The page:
Mayor Pam Alexis and District of Mission CAO Mike Younie.

Mission keeps adapting to COVID-19 restrictions

66 contract workers laid off so far, all from leisure centre

As self-isolation continues, many businesses in Mission have been forced to alter the way they work, lay off employees, or even shut down entirely – and the District of Mission is not immune to these actions.

During the COVID-19 pandemic, the district has been forced to lay off 66 contract workers to date.

“Those people are workers at the leisure centre, so they would do jobs like Club Kids (child care), weight room attendants, some programming and, with the public not there any more, there’s just no work for those people,” explained chief administrative officer Mike Younie.

He said they are re-evaluating what the staffing needs are every few days.

Despite the layoffs, business, especially development, continues in one form or another.

Mission Mayor Pam Alexis said things were “kind of in limbo” for awhile, but the district continues to receive development applications and has “rejigged” how people bring in plans so it’s safe for staff.

“We are doing business differently, but business, for the most part, in development services is certainly continuing,” Alexis said. “Everybody went into a bit of shock, I think, in the beginning, but things now are our new normal and so we are sort of used to that.”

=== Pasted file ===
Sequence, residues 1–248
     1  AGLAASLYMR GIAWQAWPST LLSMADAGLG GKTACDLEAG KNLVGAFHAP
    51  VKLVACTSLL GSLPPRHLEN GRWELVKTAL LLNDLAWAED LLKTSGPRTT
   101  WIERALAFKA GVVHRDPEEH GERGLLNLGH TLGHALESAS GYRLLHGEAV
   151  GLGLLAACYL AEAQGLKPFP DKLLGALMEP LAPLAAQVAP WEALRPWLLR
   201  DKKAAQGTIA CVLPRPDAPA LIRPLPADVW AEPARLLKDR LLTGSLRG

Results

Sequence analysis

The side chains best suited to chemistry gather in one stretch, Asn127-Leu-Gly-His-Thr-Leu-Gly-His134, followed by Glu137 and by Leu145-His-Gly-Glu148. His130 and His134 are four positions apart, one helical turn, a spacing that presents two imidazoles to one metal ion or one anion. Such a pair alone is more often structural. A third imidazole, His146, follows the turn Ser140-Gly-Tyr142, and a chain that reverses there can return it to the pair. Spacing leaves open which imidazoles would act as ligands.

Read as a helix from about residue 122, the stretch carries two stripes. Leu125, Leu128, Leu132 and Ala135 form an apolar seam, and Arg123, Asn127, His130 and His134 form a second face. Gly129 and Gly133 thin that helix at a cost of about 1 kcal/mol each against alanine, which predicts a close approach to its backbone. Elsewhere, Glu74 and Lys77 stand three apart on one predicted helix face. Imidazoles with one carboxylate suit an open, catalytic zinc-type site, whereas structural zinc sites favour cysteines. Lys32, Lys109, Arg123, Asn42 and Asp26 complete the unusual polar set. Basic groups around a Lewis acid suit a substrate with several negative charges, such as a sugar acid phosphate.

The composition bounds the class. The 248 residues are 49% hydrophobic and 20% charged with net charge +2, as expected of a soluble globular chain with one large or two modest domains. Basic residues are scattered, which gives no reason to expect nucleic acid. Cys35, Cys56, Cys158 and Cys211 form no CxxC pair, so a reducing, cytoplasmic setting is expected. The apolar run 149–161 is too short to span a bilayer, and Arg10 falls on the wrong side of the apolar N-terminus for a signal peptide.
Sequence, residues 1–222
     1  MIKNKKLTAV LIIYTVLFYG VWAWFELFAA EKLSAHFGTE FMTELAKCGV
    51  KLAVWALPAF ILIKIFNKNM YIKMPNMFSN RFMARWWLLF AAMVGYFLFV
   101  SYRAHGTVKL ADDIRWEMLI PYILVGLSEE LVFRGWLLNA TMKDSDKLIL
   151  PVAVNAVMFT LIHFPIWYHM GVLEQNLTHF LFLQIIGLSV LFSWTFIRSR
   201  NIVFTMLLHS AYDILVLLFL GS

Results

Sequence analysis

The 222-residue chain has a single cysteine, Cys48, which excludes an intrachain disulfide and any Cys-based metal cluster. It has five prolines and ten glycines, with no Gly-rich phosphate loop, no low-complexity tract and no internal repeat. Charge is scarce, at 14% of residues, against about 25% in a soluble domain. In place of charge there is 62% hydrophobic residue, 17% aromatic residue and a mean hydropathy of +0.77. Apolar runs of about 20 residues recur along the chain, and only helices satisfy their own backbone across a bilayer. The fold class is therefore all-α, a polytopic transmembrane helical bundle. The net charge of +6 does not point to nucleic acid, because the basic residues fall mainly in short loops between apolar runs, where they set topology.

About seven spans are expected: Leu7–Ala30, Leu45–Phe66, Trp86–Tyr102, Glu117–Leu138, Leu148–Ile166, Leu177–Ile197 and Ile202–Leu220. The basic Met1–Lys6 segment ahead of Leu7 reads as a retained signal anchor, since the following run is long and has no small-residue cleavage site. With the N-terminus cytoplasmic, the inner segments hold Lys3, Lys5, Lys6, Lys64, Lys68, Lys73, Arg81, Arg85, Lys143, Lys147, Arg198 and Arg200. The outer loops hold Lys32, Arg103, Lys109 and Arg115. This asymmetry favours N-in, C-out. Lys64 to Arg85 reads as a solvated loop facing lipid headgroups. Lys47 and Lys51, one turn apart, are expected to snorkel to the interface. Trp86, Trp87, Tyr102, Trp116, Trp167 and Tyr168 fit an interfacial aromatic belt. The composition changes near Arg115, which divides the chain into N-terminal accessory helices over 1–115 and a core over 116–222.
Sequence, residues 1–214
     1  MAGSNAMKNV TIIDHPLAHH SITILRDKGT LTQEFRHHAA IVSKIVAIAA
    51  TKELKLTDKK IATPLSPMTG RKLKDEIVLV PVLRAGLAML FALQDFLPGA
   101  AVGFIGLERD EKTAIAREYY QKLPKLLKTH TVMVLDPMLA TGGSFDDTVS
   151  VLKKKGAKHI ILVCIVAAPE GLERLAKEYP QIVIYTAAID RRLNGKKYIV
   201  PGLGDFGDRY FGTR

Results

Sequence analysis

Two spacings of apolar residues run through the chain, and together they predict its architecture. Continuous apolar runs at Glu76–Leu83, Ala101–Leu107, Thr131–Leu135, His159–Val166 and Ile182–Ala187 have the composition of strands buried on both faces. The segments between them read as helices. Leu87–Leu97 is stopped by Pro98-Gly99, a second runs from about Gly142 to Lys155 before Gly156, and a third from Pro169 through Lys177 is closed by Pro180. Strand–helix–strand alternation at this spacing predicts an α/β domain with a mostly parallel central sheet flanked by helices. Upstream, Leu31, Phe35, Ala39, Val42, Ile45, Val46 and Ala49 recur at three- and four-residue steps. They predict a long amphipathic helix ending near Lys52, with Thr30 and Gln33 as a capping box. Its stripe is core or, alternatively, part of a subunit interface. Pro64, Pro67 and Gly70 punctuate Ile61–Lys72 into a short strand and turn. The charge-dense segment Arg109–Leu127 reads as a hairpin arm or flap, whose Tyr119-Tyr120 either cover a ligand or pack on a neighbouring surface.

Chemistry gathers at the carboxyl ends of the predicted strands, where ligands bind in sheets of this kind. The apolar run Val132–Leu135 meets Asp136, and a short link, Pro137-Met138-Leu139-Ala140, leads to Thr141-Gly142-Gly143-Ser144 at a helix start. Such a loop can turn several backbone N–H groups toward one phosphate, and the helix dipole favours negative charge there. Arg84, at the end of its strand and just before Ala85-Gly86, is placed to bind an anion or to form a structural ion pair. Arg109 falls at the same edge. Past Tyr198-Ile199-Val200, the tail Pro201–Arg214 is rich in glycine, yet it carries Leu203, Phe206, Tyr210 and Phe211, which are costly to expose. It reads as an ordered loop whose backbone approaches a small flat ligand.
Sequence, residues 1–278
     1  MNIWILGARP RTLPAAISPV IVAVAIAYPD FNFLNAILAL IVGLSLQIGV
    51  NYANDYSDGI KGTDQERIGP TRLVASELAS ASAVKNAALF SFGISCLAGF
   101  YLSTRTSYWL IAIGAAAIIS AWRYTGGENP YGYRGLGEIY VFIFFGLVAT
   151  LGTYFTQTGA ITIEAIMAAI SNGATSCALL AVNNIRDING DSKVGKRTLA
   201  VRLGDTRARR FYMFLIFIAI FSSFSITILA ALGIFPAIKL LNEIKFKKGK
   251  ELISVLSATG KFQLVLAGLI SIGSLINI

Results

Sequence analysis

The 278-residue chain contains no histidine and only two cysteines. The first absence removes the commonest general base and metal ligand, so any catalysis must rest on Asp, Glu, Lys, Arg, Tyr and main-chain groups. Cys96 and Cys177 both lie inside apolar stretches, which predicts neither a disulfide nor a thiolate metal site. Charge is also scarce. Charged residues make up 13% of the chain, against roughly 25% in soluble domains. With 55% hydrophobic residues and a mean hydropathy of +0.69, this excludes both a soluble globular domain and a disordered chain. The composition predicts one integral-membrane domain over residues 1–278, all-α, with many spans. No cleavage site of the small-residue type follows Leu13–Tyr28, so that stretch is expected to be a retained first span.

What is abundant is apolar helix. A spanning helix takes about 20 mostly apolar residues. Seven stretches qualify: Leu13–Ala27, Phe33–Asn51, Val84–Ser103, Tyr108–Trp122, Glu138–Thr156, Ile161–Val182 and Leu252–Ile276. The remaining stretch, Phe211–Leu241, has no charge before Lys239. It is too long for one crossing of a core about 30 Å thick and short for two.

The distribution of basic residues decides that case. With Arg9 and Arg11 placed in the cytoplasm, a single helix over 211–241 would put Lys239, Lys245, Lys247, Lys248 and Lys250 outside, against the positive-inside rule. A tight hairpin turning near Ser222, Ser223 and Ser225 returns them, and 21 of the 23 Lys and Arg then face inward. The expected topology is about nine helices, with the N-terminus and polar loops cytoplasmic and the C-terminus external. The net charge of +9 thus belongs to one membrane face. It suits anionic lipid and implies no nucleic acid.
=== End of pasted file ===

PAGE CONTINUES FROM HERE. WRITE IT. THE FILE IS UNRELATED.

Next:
Municipal taxes:

One question that keeps being asked is if the district will provide any financial aid or incentives to help residents pay municipal property taxes this summer.

Younie said Mission, and other communities, take part in a weekly phone call with Selina Robinson, Minister of Municipal Affairs and Housing, and taxes are the number-one issue discussed.

“We continue to push the province to have a look at possible deferrals, similar to expanding the existing deferral program basically,” Younie said. “So we’re expecting an answer in the coming weeks.”

Offering help:

District staff have been working with non-profit groups trying to help the homeless and seniors who rely on programs (Meals on Wheels as an example). They have been distributing hand-washing materials and identifying isolation areas if they become needed.

“Most of this is planning. It’s an odd situation. It’s not a flood, not a landslide, where we can respond with our trucks and our staff to take care of issues. This is all about planning and making sure you are ready for the worst case scenario,” Younie said.


Alexis believes most Missionites are practising social distancing and feels the district, like the province, is doing well.

“We have to continue to be vigilant, especially with better weather coming,” she said.

Younie agreed, saying family units can be seen out at parks and walking together, but others give a wide berth. There have been no complaints about people congregating together.

The one exception is the Stave West area. Younie said there are some concerns there.

“So we’ve tried to start more patrols up there with bylaws and firefighters, as there is a fire ban and there are reports of fires up there.”

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